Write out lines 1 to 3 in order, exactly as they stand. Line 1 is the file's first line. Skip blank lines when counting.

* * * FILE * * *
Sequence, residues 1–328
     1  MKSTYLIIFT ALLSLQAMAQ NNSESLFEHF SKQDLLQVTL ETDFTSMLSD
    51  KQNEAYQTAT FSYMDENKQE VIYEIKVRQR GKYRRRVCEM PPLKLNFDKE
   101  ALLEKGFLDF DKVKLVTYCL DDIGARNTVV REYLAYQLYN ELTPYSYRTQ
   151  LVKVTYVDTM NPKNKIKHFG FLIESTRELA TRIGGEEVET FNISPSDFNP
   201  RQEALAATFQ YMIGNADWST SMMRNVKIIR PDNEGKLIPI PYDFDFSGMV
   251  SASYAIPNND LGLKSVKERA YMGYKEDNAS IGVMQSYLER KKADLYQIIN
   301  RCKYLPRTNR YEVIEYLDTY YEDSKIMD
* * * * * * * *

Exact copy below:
Sequence, residues 1–328
     1  MKSTYLIIFT ALLSLQAMAQ NNSESLFEHF SKQDLLQVTL ETDFTSMLSD
    51  KQNEAYQTAT FSYMDENKQE VIYEIKVRQR GKYRRRVCEM PPLKLNFDKE